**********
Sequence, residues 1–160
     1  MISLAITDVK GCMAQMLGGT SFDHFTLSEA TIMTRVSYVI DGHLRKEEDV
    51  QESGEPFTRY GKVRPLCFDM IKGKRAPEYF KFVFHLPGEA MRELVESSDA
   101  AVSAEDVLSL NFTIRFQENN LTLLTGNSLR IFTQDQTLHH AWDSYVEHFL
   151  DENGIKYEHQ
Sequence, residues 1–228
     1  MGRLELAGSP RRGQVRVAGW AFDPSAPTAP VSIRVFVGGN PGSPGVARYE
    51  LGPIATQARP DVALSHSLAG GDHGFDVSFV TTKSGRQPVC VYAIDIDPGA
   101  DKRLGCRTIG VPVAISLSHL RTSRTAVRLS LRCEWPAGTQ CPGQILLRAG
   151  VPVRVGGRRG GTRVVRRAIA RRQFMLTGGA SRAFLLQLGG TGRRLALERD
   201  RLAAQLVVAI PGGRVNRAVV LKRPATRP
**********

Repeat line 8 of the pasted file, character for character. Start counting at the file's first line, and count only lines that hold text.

    51  LGPIATQARP DVALSHSLAG GDHGFDVSFV TTKSGRQPVC VYAIDIDPGA